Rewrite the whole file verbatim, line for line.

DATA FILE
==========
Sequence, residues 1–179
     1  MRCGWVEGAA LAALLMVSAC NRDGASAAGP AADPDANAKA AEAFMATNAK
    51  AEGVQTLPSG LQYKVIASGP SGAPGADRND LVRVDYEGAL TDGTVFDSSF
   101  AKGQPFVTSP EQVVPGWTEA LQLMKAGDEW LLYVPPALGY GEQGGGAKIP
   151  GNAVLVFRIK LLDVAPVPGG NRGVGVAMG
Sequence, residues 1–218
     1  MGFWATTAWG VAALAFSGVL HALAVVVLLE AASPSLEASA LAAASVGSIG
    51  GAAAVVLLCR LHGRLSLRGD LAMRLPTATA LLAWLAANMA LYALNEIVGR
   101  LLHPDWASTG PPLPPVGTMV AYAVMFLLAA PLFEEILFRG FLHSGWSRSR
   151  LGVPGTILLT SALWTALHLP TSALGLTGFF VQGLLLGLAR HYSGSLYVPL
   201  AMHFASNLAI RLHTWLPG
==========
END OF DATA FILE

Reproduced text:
Sequence, residues 1–179
     1  MRCGWVEGAA LAALLMVSAC NRDGASAAGP AADPDANAKA AEAFMATNAK
    51  AEGVQTLPSG LQYKVIASGP SGAPGADRND LVRVDYEGAL TDGTVFDSSF
   101  AKGQPFVTSP EQVVPGWTEA LQLMKAGDEW LLYVPPALGY GEQGGGAKIP
   151  GNAVLVFRIK LLDVAPVPGG NRGVGVAMG
Sequence, residues 1–218
     1  MGFWATTAWG VAALAFSGVL HALAVVVLLE AASPSLEASA LAAASVGSIG
    51  GAAAVVLLCR LHGRLSLRGD LAMRLPTATA LLAWLAANMA LYALNEIVGR
   101  LLHPDWASTG PPLPPVGTMV AYAVMFLLAA PLFEEILFRG FLHSGWSRSR
   151  LGVPGTILLT SALWTALHLP TSALGLTGFF VQGLLLGLAR HYSGSLYVPL
   201  AMHFASNLAI RLHTWLPG